Bloom, Frye and Value Judgments

“That was my basic quarrel with my former mentor Northrop Frye. He thinks that evaluation has nothing to do with literary criticism. I would tell him, no, it is not true.” — Harold Bloom in an interview published over the weekend perpetuates his agon with Frye upon which he seems to have staked his reputation and legacy.

Here’s Frye in Anatomy addressing the issue of value judgments in a way that uncannily predicts where Bloom’s own criticism would eventually end up:

The first step in developing a genuine poetics is to recognize and get rid of meaningless criticism, or talking about literature in a way that cannot help to build up a systematic structure of knowledge. This includes all the sonorous nonsense that we so often find in critical generalities, reflective comments, ideological perorations, and other consequences of taking a long view of an unorganized subject. It includes all lists of the “best” novels or poems or writers, whether their particular virtue is exclusiveness or inclusiveness. It includes all casual, sentimental, and prejudiced value judgments, and all the literary chit-chat which makes the reputations of poets boom and crash in an imaginary stock exchange. (CW 22, 19)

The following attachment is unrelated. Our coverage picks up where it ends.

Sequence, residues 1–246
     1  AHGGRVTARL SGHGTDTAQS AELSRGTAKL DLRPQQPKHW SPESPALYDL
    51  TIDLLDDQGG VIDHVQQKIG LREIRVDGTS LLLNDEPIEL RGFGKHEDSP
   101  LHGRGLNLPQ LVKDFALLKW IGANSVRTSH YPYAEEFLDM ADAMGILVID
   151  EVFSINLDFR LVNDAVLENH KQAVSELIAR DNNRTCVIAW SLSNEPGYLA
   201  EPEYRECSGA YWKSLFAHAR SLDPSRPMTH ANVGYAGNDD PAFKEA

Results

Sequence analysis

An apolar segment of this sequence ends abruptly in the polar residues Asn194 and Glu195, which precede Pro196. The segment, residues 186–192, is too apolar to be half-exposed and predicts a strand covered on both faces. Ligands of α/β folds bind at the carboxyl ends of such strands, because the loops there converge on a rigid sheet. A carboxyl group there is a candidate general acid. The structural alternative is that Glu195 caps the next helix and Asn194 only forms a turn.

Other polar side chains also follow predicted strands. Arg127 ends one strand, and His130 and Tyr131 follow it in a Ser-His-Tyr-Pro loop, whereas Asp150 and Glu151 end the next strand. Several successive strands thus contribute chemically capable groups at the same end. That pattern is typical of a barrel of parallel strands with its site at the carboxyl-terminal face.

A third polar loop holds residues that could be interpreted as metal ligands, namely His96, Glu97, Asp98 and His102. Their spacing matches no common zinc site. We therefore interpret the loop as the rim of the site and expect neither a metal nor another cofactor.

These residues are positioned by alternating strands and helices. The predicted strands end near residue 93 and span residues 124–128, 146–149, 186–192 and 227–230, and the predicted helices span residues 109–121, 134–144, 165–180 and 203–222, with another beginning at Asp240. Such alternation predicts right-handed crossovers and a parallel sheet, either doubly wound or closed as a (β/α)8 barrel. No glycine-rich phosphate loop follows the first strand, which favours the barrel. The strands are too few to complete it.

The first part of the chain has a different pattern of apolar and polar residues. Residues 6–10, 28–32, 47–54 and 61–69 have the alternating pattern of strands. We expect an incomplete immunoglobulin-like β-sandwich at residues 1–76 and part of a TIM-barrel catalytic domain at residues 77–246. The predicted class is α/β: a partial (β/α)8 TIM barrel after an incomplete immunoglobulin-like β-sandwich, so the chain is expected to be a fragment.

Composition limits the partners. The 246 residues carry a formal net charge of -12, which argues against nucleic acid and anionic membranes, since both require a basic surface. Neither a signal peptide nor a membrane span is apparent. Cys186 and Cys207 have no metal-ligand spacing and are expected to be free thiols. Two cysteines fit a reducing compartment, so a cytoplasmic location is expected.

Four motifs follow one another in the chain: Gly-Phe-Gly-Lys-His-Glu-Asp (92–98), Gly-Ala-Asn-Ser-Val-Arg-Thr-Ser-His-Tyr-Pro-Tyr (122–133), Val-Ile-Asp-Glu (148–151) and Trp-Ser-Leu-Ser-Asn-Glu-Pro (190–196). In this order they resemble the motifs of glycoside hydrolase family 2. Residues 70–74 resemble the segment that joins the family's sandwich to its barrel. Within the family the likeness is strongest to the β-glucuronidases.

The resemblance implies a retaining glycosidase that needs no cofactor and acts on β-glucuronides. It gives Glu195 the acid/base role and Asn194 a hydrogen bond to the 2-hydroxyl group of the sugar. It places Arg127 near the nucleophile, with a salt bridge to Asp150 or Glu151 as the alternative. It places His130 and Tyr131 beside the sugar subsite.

Previous posts on Bloom here, here, here, here, here, here, here, here, here, here, here, here, here, here, and here. That’s a lot of posts, it turns out. We’ll set up a Harold Bloom category to make it easier.

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